take a more humble stance on the short term potential of M-banking? In order to address the fundamental issue, there is a need to further clarify the role of users’ profile such as education, level of income, employment, urban – rural settlement, type of earnings, remittance intensity. Hence, there is a need to better understand the demand for financial services among the unbanked vs. the currently banked. Profiling bank markets: A first distinction is the banked vs. the unbanked parts of the population. In sub-Saharan Africa large portions of the populations are still unbanked though there is great variation among the countries. In South Africa e.g. the banked – unbanked represent respectively 51 – 49% (Fincsope, 2006). In Tanzania, only 9% have access to formal banks and 89% either have no access or rely on informal financial services whereas in Kenya the number of banked people is higher (19%) and only 38% are unbanked. Botswana and Namibia show similar profiles as South Africa while countries like Uganda and Zambia portray similarity to Tanzania5. The habit of using someone else’s bank account means that access is actually higher for certain segments of the unbanked. This is more common within families with few members having formal employment6. Profile of banked vs unbanked: What features banked vs. unbanked? Drawing from Finscope data, the marked difference is employment security as formal employment is the strongest correlation to accessing and using formal banks. Most unbanked have consequently no formal earnings, rely on farm income, or live on ‘welfare’ from friends and family (Finscope, 2007). Moreover, irregular income, earning too little or earning too little to save are also reasons for not having a bank account (Fincsope, 2006).

5. The level of development (GDPper capita) is equally skewed between the two “camps”: South Africa (4960), Namibia (2990), Botswana (5180) and the LDCs; Kenya (530), Tanzania (340), Uganda (280), Zambia (490). Source WDI (2005), currency USD. 6. In many sub-Saharan countries, banking costs are perceived as high, and the majority of the population is excluded from formal employment. 17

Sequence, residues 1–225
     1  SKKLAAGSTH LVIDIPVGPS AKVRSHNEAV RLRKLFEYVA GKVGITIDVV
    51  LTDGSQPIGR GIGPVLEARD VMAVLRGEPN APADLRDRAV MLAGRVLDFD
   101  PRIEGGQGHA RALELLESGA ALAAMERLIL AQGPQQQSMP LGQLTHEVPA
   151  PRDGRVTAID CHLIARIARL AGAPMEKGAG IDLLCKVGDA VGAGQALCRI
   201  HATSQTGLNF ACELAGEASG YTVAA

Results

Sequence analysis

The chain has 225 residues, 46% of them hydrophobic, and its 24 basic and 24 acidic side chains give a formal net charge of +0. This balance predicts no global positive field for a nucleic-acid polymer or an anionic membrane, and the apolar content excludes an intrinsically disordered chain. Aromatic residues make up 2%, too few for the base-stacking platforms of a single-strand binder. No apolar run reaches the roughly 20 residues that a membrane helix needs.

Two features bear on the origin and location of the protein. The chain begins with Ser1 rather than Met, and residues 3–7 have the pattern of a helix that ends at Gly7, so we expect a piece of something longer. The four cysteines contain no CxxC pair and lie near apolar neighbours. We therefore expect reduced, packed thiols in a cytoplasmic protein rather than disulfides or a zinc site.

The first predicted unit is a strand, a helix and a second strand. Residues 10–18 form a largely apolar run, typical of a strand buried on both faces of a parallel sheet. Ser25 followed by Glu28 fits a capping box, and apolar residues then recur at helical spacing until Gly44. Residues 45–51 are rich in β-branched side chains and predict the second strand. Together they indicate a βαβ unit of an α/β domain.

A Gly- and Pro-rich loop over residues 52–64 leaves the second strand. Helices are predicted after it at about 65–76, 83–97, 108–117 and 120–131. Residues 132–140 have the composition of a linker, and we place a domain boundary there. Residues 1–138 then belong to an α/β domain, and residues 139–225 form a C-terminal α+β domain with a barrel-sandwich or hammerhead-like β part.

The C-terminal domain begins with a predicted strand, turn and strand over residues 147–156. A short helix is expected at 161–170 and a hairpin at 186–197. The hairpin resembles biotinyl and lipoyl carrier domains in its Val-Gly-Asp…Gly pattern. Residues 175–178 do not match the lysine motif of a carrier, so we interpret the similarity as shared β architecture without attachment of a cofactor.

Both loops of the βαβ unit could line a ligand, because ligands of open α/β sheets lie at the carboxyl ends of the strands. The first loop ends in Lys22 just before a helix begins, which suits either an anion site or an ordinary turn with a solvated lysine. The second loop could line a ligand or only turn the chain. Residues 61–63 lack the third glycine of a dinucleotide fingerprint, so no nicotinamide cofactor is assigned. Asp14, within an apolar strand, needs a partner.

Profiling services: What services do banked and unbanked people demand? The prime reason for holding an account is to save money in a “safe” place, but is often triggered by employers’ wish to pay out salaries to accounts rather than in cash. Most accounts have limited number of transactions, and as soon as salaries are paid, money is withdrawn; this is the case for 39% of accounts in South Africa (Finmark, 2007). The low-income accounts in South Africa – so called Mzansi – shows a higher instant withdrawal at 46%. Even in a country like South Africa, the level of sophistication is low among low-income earners who mainly are the ones using the account for withdrawal, only. For instance, ATM cards are used by 31% and debit cards by 14% (ibid.) in this group whereas high-income earners commonly use the service; 85% and 51% respectively. Remittance is a common phenomenon in sub-Saharan Africa which includes remittance from abroad as well as from urban to rural areas. The Finaccess (2007) Kenyan study states that whilst around 16% have received remittance from within Kenya only 2.8% have received remittances from abroad. Sending money within Kenya is done by 16.9% whereas remittance abroad is minimal. The most common means of transferring money is to use a friend who is travelling (52%), followed by nationwide bus coaches (25%), and remittance services through Western Union or MoneyGram (23%). Bank transfer, cheques, money orders are not often used. At the time of the Finaccess study no one indicated using M-Pesa. Data from Senegal points to similar remittance patterns (Gamos, 2007). Drivers for transition: Income levels and employment have the closest correlation to use of financial services, which means there are average threshold levels for stepping inside the formal banking sector. In Tanzania the transition takes place in earning levels per month around USD 80 whereas the crossover level is around USD 110 in South Africa. Lowering the entry level has also a clear effect on the diffusion of bank products. The Mzansi7